Research shows we use facial expressions and gestures to convey more meaning than we do with our words.

GitLab consists of an all-remote company across 57 countries and has frequent video meetings, even for brief exchanges.

There is no need to cut back on face-to-face meetings. The technology is readily available and it's easier to use than ever. We're human, we like to converse. Some times it can be critical to talk, even if only for a minute, when all other communication is written.

4. Cultivate Trust and Rapport

Creating rapport is key to building meaningful relationships for remote teams.

Jason Evanish, the founder of Get Lighthouse, said:

You must build rapport with *every* member of your team. Rapport is what will help you work through problems each team member has, trust they can come to you with things important to them, and give you the benefit of the doubt when you make a mistake or an unpopular decision.

Rapport goes hand in hand with increasing engagement. And studies that show engaged employees are more productive and enthusiastic about their work.

To establish rapport among team members, Zapier uses a pair buddy system.

As we've grown, it can be harder to know all your teammates. One easy way to mitigate that is to have folks on the team get paired up with one other teammate at random each week for a short 10-15 minute pair call. We use this to chat about life, work, or whatever random thing seems interesting. Sometimes cool new product features come out of these, other times it's just good fun. Regardless, it helps everyone better know their teammates.

This approach has been shown to improve performance. In software development, programmers who work side by side produce superior code, improve their technical skills, and have better team communication, according to this study.

5. Document Everything

Detailed documentation improves productivity for remote teams.

When teams aren’t in the same office - or even the same time zone- it’s vital that comprehensive documentation is easily available. It improves efficiency - team members don’t need to wait for colleagues to respond to a routine query. Good document collaboration systems also let team members update documents in real-time.

6. Use the Right Technology Tools

Digital tools make remote work possible.

Beyond the basics - like fast internet speeds - the right technology helps you build an efficient, connected virtual office.

When you invest in reliable technology, you increase collaboration, productivity and organization.

There’s a few basic tools to connect your team:

Video conferencing

Technologies like Zoom, Appear.in, and Google Hangout are great for video calls

Instant messaging

A platform like Slack can be used for general messaging and even for virtual social spaces, e.g. a channel to announce birthdays. Other options include Twist and Hangouts Chat.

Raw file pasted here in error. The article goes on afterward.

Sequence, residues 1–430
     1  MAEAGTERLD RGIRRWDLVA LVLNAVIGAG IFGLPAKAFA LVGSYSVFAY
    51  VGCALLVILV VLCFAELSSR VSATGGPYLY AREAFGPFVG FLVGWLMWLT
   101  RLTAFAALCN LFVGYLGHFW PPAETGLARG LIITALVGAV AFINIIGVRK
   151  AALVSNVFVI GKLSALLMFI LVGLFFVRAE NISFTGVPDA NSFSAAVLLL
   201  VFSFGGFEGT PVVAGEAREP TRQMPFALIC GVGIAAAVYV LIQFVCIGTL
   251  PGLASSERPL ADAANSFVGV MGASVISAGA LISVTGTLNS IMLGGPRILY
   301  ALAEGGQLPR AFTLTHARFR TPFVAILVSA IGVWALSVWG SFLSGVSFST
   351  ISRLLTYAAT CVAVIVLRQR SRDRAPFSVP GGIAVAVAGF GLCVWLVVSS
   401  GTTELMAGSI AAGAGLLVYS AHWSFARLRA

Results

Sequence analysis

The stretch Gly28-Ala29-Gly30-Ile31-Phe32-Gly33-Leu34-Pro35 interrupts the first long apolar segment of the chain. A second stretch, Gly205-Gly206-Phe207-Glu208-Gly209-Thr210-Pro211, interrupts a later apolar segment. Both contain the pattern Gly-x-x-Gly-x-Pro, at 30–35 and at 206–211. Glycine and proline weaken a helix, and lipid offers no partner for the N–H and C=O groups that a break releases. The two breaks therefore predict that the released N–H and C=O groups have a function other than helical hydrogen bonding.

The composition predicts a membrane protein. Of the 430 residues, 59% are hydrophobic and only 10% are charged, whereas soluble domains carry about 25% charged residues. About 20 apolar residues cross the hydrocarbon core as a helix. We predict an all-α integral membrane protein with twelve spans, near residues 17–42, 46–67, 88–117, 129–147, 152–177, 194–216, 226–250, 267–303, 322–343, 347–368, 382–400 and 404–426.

Project management

Applications like Basecamp, Monday and Asana let you coordinate and plan projects.

Password managers

Remote teams might need to access certain password protected sites. Here password managers like Dashlane and Lastpass can help store passwords.

Document management

Cloud-based document management platforms like eversign lets your team automate paperwork and electronically agreements no matter where they are. Many companies use eversign to improve the hiring and onboarding process.

7. In-Person Meetings

Even if you’re working remotely, in-person gatherings are critical for successful remote teams.

Automattic, the company behind WordPress, has 700 employees across the world.

To strengthen team ties, the company has an annual gathering, which it credits for creating deeper connections between the distributed team.

While these meetings don’t come cheap, remote companies said they’re a worthwhile investment.

The team at Timely, time tracking software, sums it up:

Meeting in person can be expensive, particularly if you’re spread around the globe, but you should still aim to have a full meet-up with your virtual team at least once a year. Even if it’s just an annual get together for a few days, the return on investment can be huge. People are able to put faces to names, communicate frankly and get to know each other as people, not colleagues – things that are integral in promoting a happy and healthy work culture.

Using the Right Digital Tools to Manage Remote Employees

Remote work is worth it for several reasons: your teams enjoy increased flexibility and control over the way they work. In turn, they’re more productive, engaged, and united behind your company mission.

Managing remote employees requires a commitment to open communication, healthy boundaries, and the right technology. Which digital tools do you recommend for remote workers?